Ex-Vatican Diplomat Found Guilty of Child-Pornography Charges

Msgr. Carlo Alberto Capella, who admitted guilt, was given a five-year prison sentence and fine of 5,000 euro at the close of his two-day trial.

St. Peter's Basilica
St. Peter's Basilica (photo: Pixabay)

VATICAN CITY — At the close of his civil trial in the Vatican, former Holy See diplomat Msgr. Carlo Alberto Capella was found guilty of possessing and distributing child pornography and given a five-year prison sentence.

The priest was also asked to pay a fine of 5,000 euro. The penitentiary where he will serve his prison term is unknown.

Capella, 51, a former Vatican diplomat, was recalled from the U.S. nunciature in Washington, D.C., last September, after the U.S. State Department notified the Vatican of a “possible violation of laws relating to child pornography images” by a diplomat.

His June 23 sentence came after the priest admitted his guilt in the trial’s opening session the day before, saying he committed his crimes during a period of “personal crisis” and weakness after being transferred to Washington, D.C.

During the trial, Capella admitted to opening an account on Tumblr, where he obtained and exchanged lewd images and videos of children online. Some 40 to 55 images were found downloaded onto his cellphone, computer and a cloud storage device.

The images were divided into two primary categories, one for images from Japanese comics and the other for images of children aged 14 to 17. At least one video showed a child depicted in an explicit sex act with an adult.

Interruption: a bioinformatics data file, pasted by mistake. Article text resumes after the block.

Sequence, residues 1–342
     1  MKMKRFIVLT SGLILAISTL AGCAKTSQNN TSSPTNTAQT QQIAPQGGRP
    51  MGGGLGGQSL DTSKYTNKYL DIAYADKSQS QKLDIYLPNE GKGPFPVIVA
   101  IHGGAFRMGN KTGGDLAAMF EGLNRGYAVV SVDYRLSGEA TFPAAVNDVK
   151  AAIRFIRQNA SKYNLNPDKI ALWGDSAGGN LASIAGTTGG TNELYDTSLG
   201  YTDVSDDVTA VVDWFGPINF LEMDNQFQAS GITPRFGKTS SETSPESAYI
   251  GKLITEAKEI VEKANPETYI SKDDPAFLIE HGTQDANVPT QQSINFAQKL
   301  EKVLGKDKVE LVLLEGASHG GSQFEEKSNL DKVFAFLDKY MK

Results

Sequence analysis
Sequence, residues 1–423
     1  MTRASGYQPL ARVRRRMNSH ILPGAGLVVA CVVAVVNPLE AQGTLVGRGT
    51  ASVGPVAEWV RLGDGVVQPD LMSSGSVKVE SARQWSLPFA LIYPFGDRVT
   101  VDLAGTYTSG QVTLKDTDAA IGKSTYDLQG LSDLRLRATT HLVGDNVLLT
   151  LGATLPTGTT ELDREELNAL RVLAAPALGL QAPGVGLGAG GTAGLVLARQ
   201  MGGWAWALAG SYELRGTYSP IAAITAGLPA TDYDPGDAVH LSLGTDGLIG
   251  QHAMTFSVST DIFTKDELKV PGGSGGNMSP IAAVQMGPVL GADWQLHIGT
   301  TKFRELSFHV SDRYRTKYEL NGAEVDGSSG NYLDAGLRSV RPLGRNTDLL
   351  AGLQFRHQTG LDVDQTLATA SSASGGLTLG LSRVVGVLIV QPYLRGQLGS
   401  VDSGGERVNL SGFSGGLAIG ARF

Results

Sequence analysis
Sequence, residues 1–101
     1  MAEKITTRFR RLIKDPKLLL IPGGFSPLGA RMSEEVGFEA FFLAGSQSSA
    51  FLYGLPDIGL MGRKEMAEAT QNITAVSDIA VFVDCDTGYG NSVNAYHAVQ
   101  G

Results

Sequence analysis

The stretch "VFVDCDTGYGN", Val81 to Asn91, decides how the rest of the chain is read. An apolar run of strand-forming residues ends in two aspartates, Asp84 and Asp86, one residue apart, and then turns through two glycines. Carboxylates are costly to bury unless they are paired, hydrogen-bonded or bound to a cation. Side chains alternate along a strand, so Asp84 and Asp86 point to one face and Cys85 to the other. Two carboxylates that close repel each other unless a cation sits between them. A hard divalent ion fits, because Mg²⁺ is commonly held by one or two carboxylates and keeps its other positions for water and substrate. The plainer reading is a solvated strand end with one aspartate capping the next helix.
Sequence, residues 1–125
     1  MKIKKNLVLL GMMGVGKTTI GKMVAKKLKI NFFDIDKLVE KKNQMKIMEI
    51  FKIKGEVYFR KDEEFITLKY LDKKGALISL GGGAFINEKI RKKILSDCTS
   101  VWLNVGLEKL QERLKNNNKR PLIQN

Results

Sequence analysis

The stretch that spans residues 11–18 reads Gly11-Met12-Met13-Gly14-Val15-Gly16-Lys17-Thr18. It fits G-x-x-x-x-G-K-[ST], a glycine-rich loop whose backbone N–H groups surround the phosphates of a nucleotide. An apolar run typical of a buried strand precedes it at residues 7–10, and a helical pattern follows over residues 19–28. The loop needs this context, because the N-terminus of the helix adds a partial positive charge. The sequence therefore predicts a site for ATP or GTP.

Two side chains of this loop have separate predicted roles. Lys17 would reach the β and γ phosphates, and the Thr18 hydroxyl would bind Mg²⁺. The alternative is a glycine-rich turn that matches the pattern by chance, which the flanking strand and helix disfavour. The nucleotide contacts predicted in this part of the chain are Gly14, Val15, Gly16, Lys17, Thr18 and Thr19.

At the start of Saturday’s hearing, Vatican Promoter of Justice Gian Piero Milano asked that Capella be jailed for five years and nine months, paying a fine of 10,000 euro since he “knowingly and willingly” acquired “huge quantities” of pornographic images involving children, shared them and downloaded them to his devices.

The images of the comics, Milano said, were worse than other images found, since they were hand drawn and thought out with intent and creativity.

However, Capella’s lawyer asked that the sentence be reduced to the minimum, arguing that the priest was psychologically unstable due to a personal crisis at the time his crimes began and that Vatican law does not specify what the term “huge quantities” means.

The final sentence of five years and a fine of 5,000 euro brought the two-day trial to a close.

In his closing remarks before receiving the sentence, Capella said what he did is “evident” and happened in the context of a “period of fragility.”

“I am very sorry,” he said, “because my weakness has shamed the Church, my diocese, the Holy See and my family.”

Capella said he viewed his crime as “a bump in the road of my priestly life” and voiced hope that his case would help others in the future.

Originally from Capri, Capella was ordained a priest of the Archdiocese of Milan and in 1993 was asked by Cardinal Carlo Maria Martini to enter the diplomatic service of the Holy See.

In 2004, after studying at the Pontifical Ecclesiastical Academy, he was sent to the apostolic nunciature in India, and three years later, in 2007, he was transferred to the nunciature in Hong Kong. He was then transferred back to the Vatican in 2011 and worked in the Secretariat of State’s Office for Relations With the States.

In June 2016, he was asked to move to Washington, D.C., and was upset by the decision, but said nothing. Capella began using Tumblr shortly after his arrival to the U.S. in July 2016 to look at memes, and he eventually started viewing pornography and child pornography.

The U.S. State Department flagged Capella’s activity and informed the Vatican of a possible violation Aug. 21, 2017.

In September of that year, Canada issued a nationwide arrest warrant for the priest, who was then recalled to the Vatican. Police in Ontario said he had accessed, possessed and distributed child pornography while visiting Windsor over the 2016 Christmas holiday.

Before his trial, Capella had been held in a Vatican jail cell since April 9, 2018, and was indicted by the Holy See June 9.